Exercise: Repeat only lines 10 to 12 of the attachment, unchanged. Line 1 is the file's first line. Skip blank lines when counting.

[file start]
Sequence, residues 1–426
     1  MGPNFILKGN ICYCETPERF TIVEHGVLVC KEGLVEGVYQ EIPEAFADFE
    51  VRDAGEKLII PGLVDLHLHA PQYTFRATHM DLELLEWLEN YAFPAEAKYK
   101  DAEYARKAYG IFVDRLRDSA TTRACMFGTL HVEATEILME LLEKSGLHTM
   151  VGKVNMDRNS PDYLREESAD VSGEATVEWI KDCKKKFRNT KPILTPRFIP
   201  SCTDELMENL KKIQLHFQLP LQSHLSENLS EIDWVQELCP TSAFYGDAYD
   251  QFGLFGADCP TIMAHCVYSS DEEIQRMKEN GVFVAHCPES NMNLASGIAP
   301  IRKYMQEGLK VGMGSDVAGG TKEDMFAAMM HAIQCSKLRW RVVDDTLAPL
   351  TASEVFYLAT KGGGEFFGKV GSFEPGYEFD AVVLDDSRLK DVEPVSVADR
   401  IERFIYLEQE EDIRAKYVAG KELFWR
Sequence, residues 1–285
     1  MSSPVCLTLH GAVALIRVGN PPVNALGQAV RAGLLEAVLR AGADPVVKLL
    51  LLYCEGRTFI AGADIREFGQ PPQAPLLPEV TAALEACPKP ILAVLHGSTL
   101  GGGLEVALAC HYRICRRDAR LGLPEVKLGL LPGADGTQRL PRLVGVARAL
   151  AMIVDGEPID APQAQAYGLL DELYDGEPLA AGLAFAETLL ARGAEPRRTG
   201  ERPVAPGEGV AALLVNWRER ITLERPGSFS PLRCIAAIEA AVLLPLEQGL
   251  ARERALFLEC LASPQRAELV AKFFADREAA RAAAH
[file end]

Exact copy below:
   401  IERFIYLEQE EDIRAKYVAG KELFWR
Sequence, residues 1–285
     1  MSSPVCLTLH GAVALIRVGN PPVNALGQAV RAGLLEAVLR AGADPVVKLL